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Family’s donation will expand programs for special needs kids

Aaron and Kayla Serruya

A $6-million gift from Toronto’s Serruya family will help expand programs for Jewish children with special needs and contribute to the purchase of a building to house them.

Kayla’s Children Centre will bring together a variety of programs and activities under one roof at 36 Atkinson Ave., in Thornhill, Ont., which was vacated when The Leo Baeck Day School moved north to the Lebovic Jewish Community Campus.The state-of-the-art facility is named for Kayla Serruya, daughter of Aaron Serruya, co-founder of the Yogen Fruz frozen yogurt chain. Kayla, now 23, is a former student at the Zareinu Educational Centre, a school and treatment centre for children with physical and developmental challenges that moved into 36 Atkinson as a tenant a little over a year ago.

Last May, Zareinu merged with Project AIM, which runs recreational and therapeutic programs, including Camp AIM, a summer camp for special needs kids.

The new donation will go toward a $20-million fundraising campaign to purchase the building. It will also allow the facility to continue Zareinu’s pre-school, early intervention, after-school, and adapted recreation and sports programs, as well as Camp AIM, according to Yaffi Scheinberg, CEO of Kayla’s Children Centre.


New initiatives call for a sensory gym, a hydrotherapy pool and a Snoezelen therapy room, which creates a multi-sensory environment and relaxing space to help calm agitation and anxiety.

The centre “will answer the immediate need for intervention and respite for children with special needs in our community,” Scheinberg said in a statement.

“Having a child with a disability affects the entire family,” she added. “Kayla’s Children Centre will be a pillar of support for them and a proud testament to our community’s care of our most vulnerable.”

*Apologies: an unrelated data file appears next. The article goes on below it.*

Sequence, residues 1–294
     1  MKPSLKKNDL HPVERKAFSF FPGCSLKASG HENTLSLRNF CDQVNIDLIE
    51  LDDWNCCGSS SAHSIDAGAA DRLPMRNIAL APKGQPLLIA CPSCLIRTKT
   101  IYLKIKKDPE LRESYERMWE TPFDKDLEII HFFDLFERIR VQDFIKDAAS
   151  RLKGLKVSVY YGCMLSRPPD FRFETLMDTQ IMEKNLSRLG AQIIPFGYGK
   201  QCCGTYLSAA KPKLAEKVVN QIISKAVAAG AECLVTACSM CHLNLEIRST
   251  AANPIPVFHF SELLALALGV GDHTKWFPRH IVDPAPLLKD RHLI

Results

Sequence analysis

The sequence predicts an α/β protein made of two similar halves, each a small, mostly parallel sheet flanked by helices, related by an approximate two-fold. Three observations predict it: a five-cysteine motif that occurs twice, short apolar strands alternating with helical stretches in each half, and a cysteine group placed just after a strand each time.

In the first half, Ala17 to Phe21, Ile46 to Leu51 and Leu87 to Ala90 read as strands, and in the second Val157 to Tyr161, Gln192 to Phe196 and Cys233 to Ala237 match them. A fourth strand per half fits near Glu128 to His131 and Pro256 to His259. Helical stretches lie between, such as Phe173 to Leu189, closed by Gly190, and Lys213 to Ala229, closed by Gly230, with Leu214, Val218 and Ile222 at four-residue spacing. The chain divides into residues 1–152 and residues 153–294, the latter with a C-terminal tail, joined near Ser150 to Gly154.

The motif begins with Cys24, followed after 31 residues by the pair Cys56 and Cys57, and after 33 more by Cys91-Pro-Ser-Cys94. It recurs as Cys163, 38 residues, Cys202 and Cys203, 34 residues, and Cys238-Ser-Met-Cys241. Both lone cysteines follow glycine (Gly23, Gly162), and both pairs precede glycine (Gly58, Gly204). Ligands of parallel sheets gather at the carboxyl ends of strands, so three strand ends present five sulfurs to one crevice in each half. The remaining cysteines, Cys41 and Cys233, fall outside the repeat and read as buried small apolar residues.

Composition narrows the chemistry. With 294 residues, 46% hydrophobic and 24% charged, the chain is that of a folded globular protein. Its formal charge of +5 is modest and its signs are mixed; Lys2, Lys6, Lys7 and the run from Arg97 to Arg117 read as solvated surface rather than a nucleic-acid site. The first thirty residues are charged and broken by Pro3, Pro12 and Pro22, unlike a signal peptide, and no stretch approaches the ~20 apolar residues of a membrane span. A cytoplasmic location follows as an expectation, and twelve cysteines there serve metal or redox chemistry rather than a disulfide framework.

She said enrolment in the core school program is now at about 70 and is expected to exceed 100, thanks to the donation from the Serruya family. A combined 200 children take part in all programs.

Scheinberg is also co-founder and director of Camp AIM, a summer day program in Toronto for children up to age 13 with autism, cerebral palsy and Down syndrome. She hopes the new funding will allow teenagers to take part, as well.

The camp is slated to move from Beth Jacob girls high school in the Bathurst and Lawrence area of Toronto, to the more spacious centre in Thornhill next summer.

“I witnessed the impact that Zareinu had on my daughter’s life, from a very early stage,” Aaron Serruya told The CJN. “The interaction, stimulation and constant support she received were fundamental to her overall development. We wanted to ensure that other families of children with special needs obtain access to the same incredible support and experience that we enjoyed.”

Kayla’s Children Centre will continue Zareinu’s traditional fashion show. Models and Zareinu students will strut the runway at the Fontana Primavera Event Centre in Vaughan on Nov. 14 at 7 p.m.

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